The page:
Before you say it, no; they are not the same thing! There are many subtle differences between Tenkara fishing and Cane Pole fishing and this article is all about dispelling the myth that they are one and the same.
Let’s get started.
A Tenkara fishing rod is long, telescopic and has tapers to enable you to cast your light line without the use of a weight. With Cane Pole fishing the rod in long, but can be either jointed or telescopic and is designed to lob weight (or just capable of lobbing if it is an actual cane).
With the line on a Tenkara fishing rod, you will find that it is made from fluorocarbon, horsehair, level fluorocarbon or tapered nylon. With a Cane Pole rod the line will generally be made from nylon monofilament.
With Tenkara fishing, there is no terminal tackle whereas with Cane pole fishing is a hook, weights, and a bobber.
Tenkara fishing uses an artificial fly as a lure whereas Can Pole fishing uses natural or synthetic bait.
With Tenkara fishing, the delivery is usually bow and arrow, a roll cast, a steeple cast a side arm roll, or an overhand cast; all of which are traditional fly fishing casts. The delivery with Cane Pole fishing is far more simplistic: just lob or flip the bait into the water and wait for it to sink.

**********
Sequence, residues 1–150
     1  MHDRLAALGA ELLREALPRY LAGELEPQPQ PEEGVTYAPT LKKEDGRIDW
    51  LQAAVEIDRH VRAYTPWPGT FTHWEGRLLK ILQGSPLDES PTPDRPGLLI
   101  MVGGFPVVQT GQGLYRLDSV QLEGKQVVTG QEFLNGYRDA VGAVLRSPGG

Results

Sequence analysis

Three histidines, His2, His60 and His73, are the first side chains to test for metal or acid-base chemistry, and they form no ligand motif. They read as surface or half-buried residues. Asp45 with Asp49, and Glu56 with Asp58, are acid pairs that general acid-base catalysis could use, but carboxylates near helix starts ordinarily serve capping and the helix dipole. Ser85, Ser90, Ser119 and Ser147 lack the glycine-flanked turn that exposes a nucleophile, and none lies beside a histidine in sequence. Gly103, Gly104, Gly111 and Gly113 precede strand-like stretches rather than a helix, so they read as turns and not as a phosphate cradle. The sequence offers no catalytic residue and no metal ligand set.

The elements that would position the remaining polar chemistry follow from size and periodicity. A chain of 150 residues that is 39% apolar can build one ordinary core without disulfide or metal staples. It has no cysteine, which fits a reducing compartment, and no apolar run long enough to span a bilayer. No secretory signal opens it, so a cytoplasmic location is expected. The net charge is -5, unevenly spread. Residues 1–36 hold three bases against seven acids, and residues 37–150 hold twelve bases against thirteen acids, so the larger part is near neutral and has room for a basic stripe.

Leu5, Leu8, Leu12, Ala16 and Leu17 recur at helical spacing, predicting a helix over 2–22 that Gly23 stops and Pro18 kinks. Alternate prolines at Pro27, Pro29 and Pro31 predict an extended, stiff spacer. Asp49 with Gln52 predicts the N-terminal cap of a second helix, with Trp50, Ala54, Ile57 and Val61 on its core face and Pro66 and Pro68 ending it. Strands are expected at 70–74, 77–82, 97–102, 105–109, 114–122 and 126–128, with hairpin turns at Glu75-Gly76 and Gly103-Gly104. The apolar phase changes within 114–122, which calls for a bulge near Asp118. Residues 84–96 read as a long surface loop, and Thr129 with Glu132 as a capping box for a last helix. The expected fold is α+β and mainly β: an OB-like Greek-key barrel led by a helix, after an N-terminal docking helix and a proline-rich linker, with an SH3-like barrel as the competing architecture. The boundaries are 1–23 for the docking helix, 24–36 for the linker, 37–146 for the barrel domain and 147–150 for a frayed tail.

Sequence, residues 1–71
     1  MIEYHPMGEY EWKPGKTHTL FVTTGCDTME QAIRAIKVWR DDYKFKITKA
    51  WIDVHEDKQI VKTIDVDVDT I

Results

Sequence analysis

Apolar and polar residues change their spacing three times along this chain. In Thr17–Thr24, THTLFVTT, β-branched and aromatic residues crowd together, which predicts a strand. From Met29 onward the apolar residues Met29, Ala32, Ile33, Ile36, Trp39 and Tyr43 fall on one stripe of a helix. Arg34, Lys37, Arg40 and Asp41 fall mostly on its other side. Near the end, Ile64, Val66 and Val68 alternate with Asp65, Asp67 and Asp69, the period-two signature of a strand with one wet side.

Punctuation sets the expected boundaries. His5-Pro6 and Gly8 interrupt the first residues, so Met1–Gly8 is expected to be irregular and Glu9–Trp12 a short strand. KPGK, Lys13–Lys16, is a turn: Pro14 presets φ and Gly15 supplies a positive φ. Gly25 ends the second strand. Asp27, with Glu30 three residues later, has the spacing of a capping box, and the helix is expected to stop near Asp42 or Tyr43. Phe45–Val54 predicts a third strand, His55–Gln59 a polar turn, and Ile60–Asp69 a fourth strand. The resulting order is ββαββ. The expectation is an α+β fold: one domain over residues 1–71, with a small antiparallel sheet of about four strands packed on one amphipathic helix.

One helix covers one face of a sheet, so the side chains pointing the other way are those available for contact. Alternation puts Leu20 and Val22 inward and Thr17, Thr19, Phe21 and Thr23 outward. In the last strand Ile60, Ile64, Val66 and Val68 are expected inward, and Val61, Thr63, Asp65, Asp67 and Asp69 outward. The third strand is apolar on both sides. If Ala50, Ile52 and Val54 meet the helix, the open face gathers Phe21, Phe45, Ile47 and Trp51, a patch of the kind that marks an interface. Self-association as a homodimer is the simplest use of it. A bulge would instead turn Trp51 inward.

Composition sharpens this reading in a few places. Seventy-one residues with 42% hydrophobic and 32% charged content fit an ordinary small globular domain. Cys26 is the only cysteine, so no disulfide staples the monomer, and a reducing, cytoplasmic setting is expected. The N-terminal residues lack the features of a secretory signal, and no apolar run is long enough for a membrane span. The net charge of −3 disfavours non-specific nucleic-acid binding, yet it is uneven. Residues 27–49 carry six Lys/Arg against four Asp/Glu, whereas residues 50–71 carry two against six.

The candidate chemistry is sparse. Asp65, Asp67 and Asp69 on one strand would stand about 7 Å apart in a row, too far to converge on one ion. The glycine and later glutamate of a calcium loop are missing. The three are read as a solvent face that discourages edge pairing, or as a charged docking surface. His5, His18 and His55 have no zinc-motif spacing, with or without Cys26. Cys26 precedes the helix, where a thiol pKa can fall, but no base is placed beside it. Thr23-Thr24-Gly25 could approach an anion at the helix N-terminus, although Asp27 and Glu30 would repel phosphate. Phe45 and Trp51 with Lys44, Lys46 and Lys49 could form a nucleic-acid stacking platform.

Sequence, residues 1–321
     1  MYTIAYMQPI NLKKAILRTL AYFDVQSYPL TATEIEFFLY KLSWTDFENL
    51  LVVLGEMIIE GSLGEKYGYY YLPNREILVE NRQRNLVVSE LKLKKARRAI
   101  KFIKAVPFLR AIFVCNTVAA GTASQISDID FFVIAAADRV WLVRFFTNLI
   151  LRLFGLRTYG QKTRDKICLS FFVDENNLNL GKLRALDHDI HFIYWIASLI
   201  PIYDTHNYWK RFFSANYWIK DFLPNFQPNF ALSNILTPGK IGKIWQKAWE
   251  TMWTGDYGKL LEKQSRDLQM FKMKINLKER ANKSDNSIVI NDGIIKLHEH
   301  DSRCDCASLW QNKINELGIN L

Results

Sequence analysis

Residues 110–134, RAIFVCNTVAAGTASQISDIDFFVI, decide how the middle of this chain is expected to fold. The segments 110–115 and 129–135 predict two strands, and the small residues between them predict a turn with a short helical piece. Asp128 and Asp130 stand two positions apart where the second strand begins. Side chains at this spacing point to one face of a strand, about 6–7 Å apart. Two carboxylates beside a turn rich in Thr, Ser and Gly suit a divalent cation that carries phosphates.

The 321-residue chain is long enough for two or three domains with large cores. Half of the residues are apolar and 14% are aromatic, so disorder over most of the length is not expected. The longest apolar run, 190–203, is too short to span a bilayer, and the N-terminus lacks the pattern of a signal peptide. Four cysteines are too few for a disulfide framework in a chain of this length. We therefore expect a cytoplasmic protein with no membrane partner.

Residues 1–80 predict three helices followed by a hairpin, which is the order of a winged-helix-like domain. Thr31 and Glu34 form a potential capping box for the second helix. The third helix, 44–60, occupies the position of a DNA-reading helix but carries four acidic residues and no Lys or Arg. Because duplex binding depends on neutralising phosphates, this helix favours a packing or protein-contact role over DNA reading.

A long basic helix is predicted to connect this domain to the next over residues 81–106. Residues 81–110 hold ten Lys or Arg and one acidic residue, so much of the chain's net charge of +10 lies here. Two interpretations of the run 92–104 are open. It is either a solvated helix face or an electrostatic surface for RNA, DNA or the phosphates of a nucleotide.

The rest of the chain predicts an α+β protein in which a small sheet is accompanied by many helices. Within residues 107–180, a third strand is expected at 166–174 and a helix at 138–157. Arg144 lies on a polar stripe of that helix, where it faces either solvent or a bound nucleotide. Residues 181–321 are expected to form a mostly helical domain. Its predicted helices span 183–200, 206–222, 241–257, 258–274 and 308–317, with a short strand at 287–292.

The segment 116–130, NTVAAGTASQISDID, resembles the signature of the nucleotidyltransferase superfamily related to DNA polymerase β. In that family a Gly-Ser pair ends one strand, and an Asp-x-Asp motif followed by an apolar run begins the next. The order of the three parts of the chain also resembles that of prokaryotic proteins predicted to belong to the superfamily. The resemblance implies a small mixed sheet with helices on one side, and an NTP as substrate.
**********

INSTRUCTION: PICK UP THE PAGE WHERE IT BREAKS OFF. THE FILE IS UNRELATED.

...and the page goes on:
Again, Tenkara draws from fly fishing and favours dead drift, pulsating, pause and drift and wet fly swing. With Cane Pole fishing you let live bait free to swim and if you’re using dead bait you let it sit. You watch the bobber for any signs of a strike and if needed you can adjust the depth of the bait.
Tenkara is all about taking your time to read the water and picking the best strategic position for you to be in. Carefully keep moving and try to locate fish in different lies. With Cane Pole fishing the approach is markedly different; you are typically stationary just waiting for the fish to take the bait.
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